The bomb was discovered after up to 80 PSNI personnel scoured an area in the Creggan Heights, a housing estate situated on a hill on the outskirts of Derry.
As the PSNI searched for the bomb they were attacked by local people throwing petrol bombs.
According to multiple media reports, more than 100 local youths threw more than 40 petrol bombs and other missiles at the PSNI during the security operation, setting several police vans on fire.
The confrontation between the police and local residents underscores the depth of support for militant Republican organisations, which are intent on attacking the PSNI, prison officers and British army personnel.
The PSNI has blamed the latest bombing attack on the militant Republican organization, the New IRA.
The PSNI and the British media refer to militant factions as “dissident” Republicans in an attempt to create divisions in the nationalist community.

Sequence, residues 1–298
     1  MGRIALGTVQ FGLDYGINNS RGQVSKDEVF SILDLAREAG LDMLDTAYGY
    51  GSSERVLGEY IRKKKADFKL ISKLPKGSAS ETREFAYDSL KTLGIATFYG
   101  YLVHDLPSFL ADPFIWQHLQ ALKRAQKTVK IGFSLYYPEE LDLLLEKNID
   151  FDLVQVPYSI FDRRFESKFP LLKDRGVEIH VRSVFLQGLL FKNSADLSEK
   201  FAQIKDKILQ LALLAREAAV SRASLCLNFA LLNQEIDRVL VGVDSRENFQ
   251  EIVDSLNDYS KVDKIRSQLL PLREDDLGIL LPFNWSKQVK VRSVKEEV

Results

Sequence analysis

The disturbances in Derry come on the heels of the discovery of a mortar bomb in Strabane, County Tyrone.
The device was found on a wall near houses in the Church View area of Strabane on September 7.
The PSNI described the mortar bomb as a “deadly device” and attributed the attempted bombing to the New IRA.
The PSNI claims that the New IRA intended to launch the mortar bomb into Strabane police station from Church View, which overlooks it.
The stepped up activity by militant Republican factions comes against the backdrop of an intensifying political crisis in Northern Ireland.
Deep anxiety over Brexit, coupled with fears over the return of a hard border between the Republic of Ireland and the six counties of the north, have galvanized Republicans of all stripes into action.
In late July, Mary Lou McDonald, the leader of the mainstream Republican group, Sinn Fein, called for a border poll (or an Irish Unity referendum) in the event of a no-deal Brexit.